DOD moves $8B back-office cloud buy to Schedule 70

NOTE: This article first appeared on

The Pentagon announced big changes to its 10-year, $8 billion back-office cloud buy this week. The Defense Enterprise Office Solution solicitation, which was going to be handled internally by the Defense Information Systems Agency, is shifting to the General Services Administration's IT Schedule 70.

The Pentagon is dividing DEOS up into three capability sets. The first set covers business software, email, calendar, content management and collaboration tools. The second covers voice and video. The third capability set is devoted to secure voice and video.

In a market research notice posted Oct. 25, GSA informed firms on Schedule 70 that DOD is seeking vendors for the first of these capability sets. Responses are due Nov. 9.

At an event with reporters, Essye Miller, the DOD's principal deputy CIO said that they're looking to move quickly on the solicitation process, with a formal solicitation in early 2019 and awards coming in the third quarter. Miller said that multiple industry days will be conducted throughout the process, to get a sense of whether each capability set will involve single or multiple awards.

Miller also touted the prospect of long-term cost savings through commercial cloud.

"Moving to a commercial vendor gives us an opportunity, not to only measure use and capabilities but the amount of investment that it drives," Miller said, along with real-time upgrades, refreshes and access to new commercial tools as they become available.

DISA was initially flying solo on the procurement. But Miller said that the DEOS program office will "focus on the more critical integration piece and start planning migration services."

GSA Administrator Emily Murphy said that GSA welcomed the opportunity to participate because it gives "GSA a baseline to scale up this type of solution across the federal government in the future."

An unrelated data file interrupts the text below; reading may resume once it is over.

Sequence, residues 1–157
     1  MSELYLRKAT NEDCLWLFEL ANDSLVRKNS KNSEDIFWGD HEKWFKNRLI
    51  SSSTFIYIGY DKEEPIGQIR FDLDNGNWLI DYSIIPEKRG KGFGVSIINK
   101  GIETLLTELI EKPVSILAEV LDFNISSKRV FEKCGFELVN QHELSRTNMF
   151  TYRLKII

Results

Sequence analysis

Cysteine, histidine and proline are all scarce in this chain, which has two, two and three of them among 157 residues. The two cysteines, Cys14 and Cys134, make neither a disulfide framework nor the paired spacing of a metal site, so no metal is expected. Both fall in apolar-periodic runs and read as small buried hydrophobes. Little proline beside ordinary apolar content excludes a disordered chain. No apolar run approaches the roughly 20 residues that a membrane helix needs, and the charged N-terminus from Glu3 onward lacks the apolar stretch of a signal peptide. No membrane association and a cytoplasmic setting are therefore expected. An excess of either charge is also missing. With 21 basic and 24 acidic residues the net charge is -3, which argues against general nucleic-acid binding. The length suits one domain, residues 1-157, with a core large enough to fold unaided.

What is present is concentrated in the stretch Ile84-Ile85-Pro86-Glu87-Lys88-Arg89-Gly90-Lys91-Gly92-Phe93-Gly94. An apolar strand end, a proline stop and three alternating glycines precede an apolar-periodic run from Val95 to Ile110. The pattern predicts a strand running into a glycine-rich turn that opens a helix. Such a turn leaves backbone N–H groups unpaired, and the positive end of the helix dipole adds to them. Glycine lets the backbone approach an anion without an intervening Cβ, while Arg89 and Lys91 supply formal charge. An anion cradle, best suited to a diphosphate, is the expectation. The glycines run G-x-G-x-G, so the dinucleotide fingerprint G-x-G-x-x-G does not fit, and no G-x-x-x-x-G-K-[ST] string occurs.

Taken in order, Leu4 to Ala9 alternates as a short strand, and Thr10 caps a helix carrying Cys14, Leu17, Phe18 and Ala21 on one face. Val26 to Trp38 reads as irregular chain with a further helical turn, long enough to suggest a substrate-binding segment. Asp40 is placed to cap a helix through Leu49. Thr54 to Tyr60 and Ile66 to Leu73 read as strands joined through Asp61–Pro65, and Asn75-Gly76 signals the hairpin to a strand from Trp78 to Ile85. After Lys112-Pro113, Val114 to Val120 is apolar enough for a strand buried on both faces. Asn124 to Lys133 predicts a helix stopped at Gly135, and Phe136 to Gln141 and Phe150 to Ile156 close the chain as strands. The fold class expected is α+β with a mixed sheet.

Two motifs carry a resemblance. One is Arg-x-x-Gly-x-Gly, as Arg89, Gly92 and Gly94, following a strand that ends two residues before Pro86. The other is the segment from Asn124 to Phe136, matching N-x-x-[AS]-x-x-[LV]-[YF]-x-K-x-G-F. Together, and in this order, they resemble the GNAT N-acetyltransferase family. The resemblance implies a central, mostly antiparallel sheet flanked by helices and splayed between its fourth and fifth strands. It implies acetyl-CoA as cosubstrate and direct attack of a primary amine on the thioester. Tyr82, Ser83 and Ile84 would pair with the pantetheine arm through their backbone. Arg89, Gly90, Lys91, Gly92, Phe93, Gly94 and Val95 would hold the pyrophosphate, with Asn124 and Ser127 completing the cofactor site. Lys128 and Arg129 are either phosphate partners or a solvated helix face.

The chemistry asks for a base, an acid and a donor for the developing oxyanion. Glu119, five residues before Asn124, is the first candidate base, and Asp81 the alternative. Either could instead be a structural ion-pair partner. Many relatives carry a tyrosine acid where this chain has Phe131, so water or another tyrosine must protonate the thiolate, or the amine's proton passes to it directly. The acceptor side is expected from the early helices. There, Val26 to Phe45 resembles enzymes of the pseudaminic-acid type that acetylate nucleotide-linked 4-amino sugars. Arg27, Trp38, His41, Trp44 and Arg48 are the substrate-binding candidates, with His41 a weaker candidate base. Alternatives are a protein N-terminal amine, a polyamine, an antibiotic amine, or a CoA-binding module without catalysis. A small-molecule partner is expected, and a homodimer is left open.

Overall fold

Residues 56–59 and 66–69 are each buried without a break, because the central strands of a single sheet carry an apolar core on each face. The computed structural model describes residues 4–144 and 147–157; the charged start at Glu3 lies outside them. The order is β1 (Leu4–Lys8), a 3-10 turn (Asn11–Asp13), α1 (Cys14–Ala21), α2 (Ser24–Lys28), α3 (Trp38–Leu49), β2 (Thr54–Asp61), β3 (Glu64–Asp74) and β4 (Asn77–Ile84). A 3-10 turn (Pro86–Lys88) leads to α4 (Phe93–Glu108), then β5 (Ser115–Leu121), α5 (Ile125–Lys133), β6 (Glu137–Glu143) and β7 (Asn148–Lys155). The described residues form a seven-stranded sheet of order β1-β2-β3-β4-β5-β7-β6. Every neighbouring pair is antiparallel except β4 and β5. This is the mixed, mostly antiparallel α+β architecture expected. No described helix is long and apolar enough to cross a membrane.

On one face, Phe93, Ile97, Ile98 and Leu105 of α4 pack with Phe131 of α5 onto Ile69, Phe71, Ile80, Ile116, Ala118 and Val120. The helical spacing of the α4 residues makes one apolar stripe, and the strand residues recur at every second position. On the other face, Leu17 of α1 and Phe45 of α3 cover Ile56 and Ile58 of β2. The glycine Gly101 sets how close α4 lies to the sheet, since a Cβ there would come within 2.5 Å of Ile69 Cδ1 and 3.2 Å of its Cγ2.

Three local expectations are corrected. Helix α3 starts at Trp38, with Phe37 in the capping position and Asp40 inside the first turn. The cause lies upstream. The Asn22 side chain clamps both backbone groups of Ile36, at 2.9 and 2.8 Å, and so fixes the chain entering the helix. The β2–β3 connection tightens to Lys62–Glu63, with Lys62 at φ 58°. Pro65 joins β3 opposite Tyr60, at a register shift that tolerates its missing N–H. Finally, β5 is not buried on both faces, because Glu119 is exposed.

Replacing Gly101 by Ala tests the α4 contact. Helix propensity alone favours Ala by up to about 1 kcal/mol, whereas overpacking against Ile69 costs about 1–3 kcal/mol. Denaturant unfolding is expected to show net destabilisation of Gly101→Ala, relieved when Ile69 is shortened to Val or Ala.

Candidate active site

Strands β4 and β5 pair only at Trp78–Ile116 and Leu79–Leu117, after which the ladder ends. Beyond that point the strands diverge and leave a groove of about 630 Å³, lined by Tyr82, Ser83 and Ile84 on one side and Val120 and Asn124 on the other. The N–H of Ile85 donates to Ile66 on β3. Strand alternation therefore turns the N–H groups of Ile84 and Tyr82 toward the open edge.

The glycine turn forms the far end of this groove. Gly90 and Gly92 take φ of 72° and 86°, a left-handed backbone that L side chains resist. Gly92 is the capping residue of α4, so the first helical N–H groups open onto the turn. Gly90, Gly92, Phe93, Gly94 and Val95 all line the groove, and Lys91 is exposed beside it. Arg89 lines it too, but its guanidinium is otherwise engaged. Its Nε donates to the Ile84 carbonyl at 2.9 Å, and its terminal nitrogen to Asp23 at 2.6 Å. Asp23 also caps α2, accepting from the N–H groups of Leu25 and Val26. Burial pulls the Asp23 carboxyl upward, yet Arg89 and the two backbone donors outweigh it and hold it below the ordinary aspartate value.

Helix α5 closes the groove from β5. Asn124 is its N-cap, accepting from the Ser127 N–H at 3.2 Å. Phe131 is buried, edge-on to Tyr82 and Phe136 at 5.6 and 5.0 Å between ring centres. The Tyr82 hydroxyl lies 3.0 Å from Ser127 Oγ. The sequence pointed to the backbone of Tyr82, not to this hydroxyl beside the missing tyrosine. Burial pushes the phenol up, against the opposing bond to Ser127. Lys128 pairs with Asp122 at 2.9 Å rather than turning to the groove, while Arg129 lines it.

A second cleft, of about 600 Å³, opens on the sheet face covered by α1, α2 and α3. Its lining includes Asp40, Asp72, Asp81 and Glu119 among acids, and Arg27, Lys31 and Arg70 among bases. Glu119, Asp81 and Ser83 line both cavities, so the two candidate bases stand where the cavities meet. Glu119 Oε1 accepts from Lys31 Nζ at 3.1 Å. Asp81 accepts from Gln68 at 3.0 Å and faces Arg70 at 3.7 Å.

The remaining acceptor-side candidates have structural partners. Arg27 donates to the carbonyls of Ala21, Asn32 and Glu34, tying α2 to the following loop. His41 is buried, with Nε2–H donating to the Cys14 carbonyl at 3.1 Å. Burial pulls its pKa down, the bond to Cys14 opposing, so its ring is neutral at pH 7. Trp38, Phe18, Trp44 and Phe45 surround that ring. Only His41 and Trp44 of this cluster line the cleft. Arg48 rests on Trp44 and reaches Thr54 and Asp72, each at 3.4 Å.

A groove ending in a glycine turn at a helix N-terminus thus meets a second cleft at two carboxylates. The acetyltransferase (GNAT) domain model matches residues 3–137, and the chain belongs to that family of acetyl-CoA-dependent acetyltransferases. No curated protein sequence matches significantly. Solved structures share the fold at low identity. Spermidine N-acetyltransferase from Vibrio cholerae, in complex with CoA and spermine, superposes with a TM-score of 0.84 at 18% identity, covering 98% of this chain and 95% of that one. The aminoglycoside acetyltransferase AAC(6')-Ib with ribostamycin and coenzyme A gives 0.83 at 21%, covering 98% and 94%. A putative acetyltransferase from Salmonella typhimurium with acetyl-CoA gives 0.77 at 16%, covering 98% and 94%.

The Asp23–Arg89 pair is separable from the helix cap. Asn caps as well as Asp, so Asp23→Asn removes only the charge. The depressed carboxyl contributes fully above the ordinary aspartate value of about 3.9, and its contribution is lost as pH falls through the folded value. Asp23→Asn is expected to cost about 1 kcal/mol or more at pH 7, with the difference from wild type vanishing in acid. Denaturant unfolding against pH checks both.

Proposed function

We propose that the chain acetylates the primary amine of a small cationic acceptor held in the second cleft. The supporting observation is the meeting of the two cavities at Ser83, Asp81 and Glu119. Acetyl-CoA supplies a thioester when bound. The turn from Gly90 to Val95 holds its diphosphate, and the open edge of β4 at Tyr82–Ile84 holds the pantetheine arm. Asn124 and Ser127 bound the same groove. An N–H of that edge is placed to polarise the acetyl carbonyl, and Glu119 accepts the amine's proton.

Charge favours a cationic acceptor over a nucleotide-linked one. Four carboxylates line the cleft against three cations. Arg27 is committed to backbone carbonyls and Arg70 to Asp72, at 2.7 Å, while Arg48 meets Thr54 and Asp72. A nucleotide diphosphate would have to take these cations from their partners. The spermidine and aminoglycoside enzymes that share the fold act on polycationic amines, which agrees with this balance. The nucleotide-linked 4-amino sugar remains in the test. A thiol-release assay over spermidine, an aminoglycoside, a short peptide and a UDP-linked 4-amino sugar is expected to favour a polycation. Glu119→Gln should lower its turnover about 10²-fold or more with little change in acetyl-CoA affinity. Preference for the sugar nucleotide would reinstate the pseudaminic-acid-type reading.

DOD CIO Dana Deasy noted that vendors, trade groups and media have been "fixated" on the $10 billion warfighter cloud procurement dubbed JEDI for Joint Enterprise Defense Infrastructure, which is the subject of multiple pre-award protests. JEDI and DEOS were both part of a bigger picture.

"After we kind of laid out this strategy, even though people have been fixated on one part of it, this fit-for-purpose cloud strategy is going to be very important, and it's going to be a big part going forward," he said. 

Deasy added that once in place, DEOS can be adopted across the Defense Department and throughout the services, some of which have their own contracts underway, and for all departments and agencies to migrate. When asked if there was concern of services buying in, Deasy said, "We don't have to mandate it, everybody wants this," adding that the only feedback he's gotten is how to speed up the process.

"We clearly believe that, as we look across our estate -- and we know our estate is quite large, it's 4 million plus end points -- that we need to refresh it on the more timely basis, we need to have better collaboration," Deasy said. "So the cloud, we believe, is the optimum way to manage our productivity suite going forward."

About the Author

Lauren C. Williams is a staff writer at FCW covering defense and cybersecurity.

Prior to joining FCW, Williams was the tech reporter for ThinkProgress, where she covered everything from internet culture to national security issues. In past positions, Williams covered health care, politics and crime for various publications, including The Seattle Times.

Williams graduated with a master's in journalism from the University of Maryland, College Park and a bachelor's in dietetics from the University of Delaware. She can be contacted at, or follow her on Twitter @lalaurenista.

Click here for previous articles by Wiliams.

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